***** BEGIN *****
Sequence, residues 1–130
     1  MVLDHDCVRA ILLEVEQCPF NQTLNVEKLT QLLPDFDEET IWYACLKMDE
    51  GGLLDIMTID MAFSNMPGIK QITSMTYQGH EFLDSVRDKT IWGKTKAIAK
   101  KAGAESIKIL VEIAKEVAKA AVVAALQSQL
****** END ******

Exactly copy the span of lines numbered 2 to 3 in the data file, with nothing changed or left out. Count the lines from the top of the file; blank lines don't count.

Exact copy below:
     1  MVLDHDCVRA ILLEVEQCPF NQTLNVEKLT QLLPDFDEET IWYACLKMDE
    51  GGLLDIMTID MAFSNMPGIK QITSMTYQGH EFLDSVRDKT IWGKTKAIAK